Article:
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oh wow.... very useful information everyone... Especially the link to the study that was done @Milan.  I thought that horizontal orientation would be the strongest...

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Posted (edited)

The strength depends on the load too. For a mostly bending load,or evenly distributed load (like in the case @Erik Leppen showed), the horizontal holes doesn't make the I-beam much less weaker.
But it there is significant shear load (for example one end is fixed and a downwards force is applied on the other end), this setup is weaker, because the upper and lower face both can bend "parallelly". The round holes will reduce this weaknes, rectangular holes would clearly be much weaker.

In case of tower cranes, you'll see huge holes, but the holes are not "round", the small beams between the upper and lower beam are always triangular and straight, which prevents this parallelogram-like deformation of the holes. The round holes in Lego is more like having only vertical beams between the upper and lower beam, which you'll never see in cranes.

Imagine a ladder with sideways force on one end, it will not hold. But if you apply even load, or you apply the load in the middle, it will hold much better.

I hope it's clear, I didn't find any resources to back the post up, I don't have time to dig deep into it.

Edited by Lipko

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Posted (edited)

I couldn't resist.
Though my "science" behind it is very rusty, it was some 10 years ago when I learnt it in university and I haven't used my structular mechanics "knowledge" ever since. This diagram is far from deep or accurate, but you'll get the idea.

No holes is clearly stronger that having holes if there's shear load and if you neglect the dry-weight/load of the beam itself (and it's pretty rare to have only bending on a structural beam). Maybe in some cases by applying holes, you decrease the dry-weight (thus dry-load) of the beam more than the strenght decreases. Adding holes have some other advantages, for example leading pipes and stuff through them, but at the same time, it makes the beam more expensive to manufacture. That's the reason you don't see too much of the stuff @Erik Leppenposted.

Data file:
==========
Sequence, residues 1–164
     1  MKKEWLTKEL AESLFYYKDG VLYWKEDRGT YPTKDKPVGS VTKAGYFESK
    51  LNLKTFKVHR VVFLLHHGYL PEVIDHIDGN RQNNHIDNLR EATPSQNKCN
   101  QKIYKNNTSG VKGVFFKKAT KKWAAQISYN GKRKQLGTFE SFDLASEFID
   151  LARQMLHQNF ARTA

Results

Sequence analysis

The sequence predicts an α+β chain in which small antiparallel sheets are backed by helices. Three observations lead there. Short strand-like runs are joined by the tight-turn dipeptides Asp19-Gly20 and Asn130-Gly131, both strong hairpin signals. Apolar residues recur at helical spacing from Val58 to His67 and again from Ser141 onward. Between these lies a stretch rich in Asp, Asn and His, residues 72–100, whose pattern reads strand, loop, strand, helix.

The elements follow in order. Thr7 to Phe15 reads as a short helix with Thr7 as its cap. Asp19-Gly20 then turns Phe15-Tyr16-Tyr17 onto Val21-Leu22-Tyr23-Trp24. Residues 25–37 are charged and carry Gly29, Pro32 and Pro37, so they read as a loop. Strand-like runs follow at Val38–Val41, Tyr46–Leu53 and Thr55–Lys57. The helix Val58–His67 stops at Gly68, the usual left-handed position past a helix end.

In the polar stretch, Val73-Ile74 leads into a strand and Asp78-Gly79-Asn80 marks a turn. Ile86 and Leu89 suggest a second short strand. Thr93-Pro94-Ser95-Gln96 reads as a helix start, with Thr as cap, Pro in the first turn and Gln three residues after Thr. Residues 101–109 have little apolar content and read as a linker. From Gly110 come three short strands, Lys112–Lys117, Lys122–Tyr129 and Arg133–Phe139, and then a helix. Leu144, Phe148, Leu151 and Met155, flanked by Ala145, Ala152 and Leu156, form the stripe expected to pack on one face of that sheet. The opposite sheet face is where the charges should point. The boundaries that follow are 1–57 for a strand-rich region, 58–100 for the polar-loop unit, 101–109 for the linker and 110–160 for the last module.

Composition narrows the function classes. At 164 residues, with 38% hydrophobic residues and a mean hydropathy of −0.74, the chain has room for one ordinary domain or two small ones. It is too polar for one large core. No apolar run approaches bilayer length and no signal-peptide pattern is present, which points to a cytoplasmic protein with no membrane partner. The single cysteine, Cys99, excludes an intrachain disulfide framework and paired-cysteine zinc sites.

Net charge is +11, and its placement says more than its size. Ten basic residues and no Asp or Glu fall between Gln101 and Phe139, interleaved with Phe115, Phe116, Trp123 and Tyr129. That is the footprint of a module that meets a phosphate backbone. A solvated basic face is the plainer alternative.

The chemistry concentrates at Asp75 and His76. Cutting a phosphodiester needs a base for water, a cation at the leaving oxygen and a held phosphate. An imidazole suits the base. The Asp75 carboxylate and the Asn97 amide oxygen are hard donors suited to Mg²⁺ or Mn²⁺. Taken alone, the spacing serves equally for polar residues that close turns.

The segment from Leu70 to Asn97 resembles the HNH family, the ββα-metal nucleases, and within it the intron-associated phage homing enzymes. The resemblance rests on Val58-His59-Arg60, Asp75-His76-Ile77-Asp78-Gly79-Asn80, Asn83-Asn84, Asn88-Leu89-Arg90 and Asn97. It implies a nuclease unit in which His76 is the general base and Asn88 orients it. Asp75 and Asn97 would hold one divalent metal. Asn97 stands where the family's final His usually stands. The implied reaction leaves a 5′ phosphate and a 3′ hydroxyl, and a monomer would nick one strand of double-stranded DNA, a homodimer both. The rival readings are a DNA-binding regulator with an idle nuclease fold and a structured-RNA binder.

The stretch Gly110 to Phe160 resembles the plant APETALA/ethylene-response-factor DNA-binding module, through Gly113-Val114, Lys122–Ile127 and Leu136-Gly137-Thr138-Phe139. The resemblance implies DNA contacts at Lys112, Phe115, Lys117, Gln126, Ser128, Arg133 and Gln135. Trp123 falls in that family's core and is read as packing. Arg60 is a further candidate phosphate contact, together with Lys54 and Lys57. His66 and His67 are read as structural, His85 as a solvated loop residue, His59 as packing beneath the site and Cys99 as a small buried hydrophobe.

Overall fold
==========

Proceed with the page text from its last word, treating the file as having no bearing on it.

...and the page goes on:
And yup, typo in the graph....
beam.png

Edited by Lipko

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Posted (edited)

Sorry, last reply, but I need to correct some things.

Practically beams with horizontal holes will allways be weaker than no holes if there's shear force, no matter if it's evenly distributed or not (again if we neglect the dry weight of the beam). And in practical situations (excluding purely longitudinal loads) there will always be significant sheer forces.

And that holes doesn't matter in case of purely bending loads is not fully true either. Because holes make the I-beam much more prone to local buckling at the holes.

With all that crap said, maybe the Technic studless beams are still stronger with horizontal holes, I couldn't open the test report because of the company firewall.
I can imagine that in case of horizontal holes, the amount of deformation is smaller with the same load, but at the same time the maximum load it can bare without failure is smaller than with vertical holes.

Edited by Lipko

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Posted (edited)

You can test this with your fingers. Hold a beam with your thumbs in the middle, and forefingers at the ends and see how much force it takes to deflect. Then rotate the beam around it's long axis and try again - there's a noticeable difference in the amount of deflection you get for a given amount of finger pull.

Orient your beams with the holes parallel to the load!

Edited by Captainowie

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Obviously I tried this.  However, this is not precise enough for me. As  a practicing clinical neuropsychologist, I am more than aware of the evaluative inconsistencies that can accompany sensory perception.  It is anything but a straightforward process.  

But, as laid out by others, I think the question has been satisfactorily answered by others.....